In our A City Education series, two City Year corps members share their experiences working as tutors and mentors in schools in hopes of closing the achievement gap and ending the dropout crisis.
Spring is finally in the air, and that means an array of welcoming sights: sunny skies, breezy weather, flowering trees, and bees. In the case of P.S. 50 in East Harlem, New York, that means spelling bees. Last Thursday, the school auditorium was fully decked out in bee-themed letters and colors along with signs cheering on each of the 28 participants in the City Year Spelling Bee.
This was the first purely academic event hosted by City Year corps members at the school, and I was a little nervous about it. It’s easy to get students excited about brushing up on math and reading when it’s combined with games, snacks and crafts, but I was unsure about an event focused solely on demonstrating academic skills. But thanks to the hard work of my fellow corps members and support from the school staff, we managed to get the whole school buzzing about spelling.
In the weeks leading up to the spelling bee, the finalists from each grade studied words at lunch and after school with corps members. There were some really challenging words on their study list—"salvageable" or "onomatopoeia," anyone? But the excitement was infectious—even students who weren’t in the spelling bee got in on the fun.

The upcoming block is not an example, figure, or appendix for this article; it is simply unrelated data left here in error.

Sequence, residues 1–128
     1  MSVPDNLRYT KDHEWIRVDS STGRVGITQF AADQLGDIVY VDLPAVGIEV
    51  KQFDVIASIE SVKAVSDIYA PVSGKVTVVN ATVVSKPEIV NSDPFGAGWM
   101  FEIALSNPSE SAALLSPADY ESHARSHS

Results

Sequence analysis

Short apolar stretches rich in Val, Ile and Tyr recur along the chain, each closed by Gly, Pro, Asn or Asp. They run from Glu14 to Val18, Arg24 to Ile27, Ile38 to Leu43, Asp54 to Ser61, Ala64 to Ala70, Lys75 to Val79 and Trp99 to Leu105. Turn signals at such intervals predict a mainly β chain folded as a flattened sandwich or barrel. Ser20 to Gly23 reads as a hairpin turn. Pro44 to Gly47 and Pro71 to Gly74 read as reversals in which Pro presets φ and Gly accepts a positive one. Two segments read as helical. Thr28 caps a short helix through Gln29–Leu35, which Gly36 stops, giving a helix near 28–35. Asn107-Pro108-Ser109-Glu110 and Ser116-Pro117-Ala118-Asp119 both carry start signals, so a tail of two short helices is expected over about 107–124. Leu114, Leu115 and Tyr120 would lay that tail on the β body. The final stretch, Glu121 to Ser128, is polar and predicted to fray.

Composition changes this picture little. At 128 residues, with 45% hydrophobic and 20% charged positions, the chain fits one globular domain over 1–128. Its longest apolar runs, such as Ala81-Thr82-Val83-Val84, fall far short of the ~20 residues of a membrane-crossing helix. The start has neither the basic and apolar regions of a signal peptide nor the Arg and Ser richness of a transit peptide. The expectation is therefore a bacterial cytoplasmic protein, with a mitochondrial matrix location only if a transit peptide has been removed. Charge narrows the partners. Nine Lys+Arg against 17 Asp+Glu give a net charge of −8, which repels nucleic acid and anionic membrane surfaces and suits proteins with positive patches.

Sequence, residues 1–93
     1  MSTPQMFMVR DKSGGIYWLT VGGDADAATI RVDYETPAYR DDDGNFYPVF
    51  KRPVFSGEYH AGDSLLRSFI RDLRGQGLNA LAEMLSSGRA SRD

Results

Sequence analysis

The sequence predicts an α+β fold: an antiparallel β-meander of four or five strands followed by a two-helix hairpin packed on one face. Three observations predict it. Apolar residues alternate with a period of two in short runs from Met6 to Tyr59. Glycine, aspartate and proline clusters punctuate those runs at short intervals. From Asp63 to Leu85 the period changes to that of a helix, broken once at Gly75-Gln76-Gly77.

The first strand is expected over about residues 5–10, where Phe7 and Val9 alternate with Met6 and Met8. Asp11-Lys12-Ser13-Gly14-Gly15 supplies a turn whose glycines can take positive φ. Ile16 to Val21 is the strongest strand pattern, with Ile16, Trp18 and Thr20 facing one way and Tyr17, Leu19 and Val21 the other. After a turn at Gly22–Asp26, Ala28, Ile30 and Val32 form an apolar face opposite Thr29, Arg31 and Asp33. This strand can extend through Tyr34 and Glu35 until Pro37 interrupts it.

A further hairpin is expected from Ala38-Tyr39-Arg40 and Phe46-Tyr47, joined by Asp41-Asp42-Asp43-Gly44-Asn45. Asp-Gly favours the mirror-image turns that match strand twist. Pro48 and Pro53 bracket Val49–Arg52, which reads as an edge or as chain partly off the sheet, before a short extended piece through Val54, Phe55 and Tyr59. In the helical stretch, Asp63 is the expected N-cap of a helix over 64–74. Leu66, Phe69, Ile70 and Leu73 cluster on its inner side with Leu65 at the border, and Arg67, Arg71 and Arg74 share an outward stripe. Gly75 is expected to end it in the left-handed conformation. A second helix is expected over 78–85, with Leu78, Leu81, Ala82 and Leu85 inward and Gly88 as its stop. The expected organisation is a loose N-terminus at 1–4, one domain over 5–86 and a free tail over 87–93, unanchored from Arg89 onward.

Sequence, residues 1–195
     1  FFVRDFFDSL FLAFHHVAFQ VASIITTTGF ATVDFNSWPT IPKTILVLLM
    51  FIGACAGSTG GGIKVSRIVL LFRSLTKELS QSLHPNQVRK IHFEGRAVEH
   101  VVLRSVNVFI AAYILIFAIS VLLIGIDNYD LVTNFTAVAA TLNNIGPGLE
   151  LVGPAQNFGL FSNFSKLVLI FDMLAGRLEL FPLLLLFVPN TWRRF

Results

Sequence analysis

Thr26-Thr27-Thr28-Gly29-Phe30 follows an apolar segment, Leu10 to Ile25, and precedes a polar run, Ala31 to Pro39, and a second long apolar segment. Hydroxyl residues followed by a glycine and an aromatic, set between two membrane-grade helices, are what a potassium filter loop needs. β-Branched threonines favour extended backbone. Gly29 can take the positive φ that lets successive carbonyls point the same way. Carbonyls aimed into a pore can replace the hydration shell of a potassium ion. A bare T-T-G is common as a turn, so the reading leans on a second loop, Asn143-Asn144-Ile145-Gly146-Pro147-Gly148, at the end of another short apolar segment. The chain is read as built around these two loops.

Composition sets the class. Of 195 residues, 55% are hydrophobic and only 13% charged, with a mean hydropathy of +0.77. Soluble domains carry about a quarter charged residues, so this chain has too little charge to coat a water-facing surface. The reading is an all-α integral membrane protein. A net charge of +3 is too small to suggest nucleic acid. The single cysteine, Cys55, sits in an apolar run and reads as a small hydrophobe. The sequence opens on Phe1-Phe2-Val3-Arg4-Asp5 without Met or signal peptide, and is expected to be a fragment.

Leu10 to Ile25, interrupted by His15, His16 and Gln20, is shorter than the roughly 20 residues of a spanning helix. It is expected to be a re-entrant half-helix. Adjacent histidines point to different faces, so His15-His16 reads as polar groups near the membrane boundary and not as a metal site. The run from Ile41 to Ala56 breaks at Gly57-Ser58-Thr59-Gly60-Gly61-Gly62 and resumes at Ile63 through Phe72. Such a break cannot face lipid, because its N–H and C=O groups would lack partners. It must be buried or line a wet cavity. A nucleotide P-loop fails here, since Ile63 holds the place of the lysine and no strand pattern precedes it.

During each of the two bees, the students stood under the hot lights of the school stage to spell out their given word. I’d be nervous standing up on a stage and spelling challenging words as a 22-year-old, much less back in middle school, so the contestants' willingness to stand up there in front of their peers impressed me.
One student I'm particularly proud of is a 7th-grader in my small literacy group. She is one of the friendliest, cheeriest students I work with, but she sometimes lacks confidence in her work. Instead of trusting her instincts, she's quick to say that she doesn’t know something. But after practicing extensively for the spelling bee, she ended up finishing in third place. She was eliminated for misspelling the word "hieroglyphics"—a word that kept giving her trouble even though we had been practicing it during lunch.
I worried the girl would be discouraged that she was knocked out on a word she had put so much effort into learning. Yet three hours after the spelling bee, she was still wearing her medal around school. She told me she immediately realized the letter she missed, but she’s still proud of how she performed. Her new-found self-confidence touched me, and I am proud of her mature, confident reaction to her experience.
The student reminded me of the real point of the spelling bee—to combine fun and friendly competition with academic challenge. Whether through small groups like City Year Los Angeles’ March Mathness or school-wide spelling bees like the one at P.S. 50, the opportunity to get students excited about academics by approaching it in special ways is truly E-X-T-R-A-O-R-D-I-N-A-R-Y.
Photo courtesy of City Year New York